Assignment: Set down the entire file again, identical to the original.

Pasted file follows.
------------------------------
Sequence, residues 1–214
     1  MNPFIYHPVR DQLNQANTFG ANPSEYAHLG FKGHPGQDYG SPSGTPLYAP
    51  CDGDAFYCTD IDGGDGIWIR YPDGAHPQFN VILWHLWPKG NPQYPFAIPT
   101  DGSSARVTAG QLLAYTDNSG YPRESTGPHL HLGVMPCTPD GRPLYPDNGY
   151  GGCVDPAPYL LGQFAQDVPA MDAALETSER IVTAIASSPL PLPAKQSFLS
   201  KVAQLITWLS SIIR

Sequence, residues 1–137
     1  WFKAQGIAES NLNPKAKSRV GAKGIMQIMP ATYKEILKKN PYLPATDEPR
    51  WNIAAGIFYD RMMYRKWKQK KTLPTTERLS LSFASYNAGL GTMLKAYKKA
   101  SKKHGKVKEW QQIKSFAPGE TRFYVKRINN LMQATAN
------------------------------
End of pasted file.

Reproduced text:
Sequence, residues 1–214
     1  MNPFIYHPVR DQLNQANTFG ANPSEYAHLG FKGHPGQDYG SPSGTPLYAP
    51  CDGDAFYCTD IDGGDGIWIR YPDGAHPQFN VILWHLWPKG NPQYPFAIPT
   101  DGSSARVTAG QLLAYTDNSG YPRESTGPHL HLGVMPCTPD GRPLYPDNGY
   151  GGCVDPAPYL LGQFAQDVPA MDAALETSER IVTAIASSPL PLPAKQSFLS
   201  KVAQLITWLS SIIR

Sequence, residues 1–137
     1  WFKAQGIAES NLNPKAKSRV GAKGIMQIMP ATYKEILKKN PYLPATDEPR
    51  WNIAAGIFYD RMMYRKWKQK KTLPTTERLS LSFASYNAGL GTMLKAYKKA
   101  SKKHGKVKEW QQIKSFAPGE TRFYVKRINN LMQATAN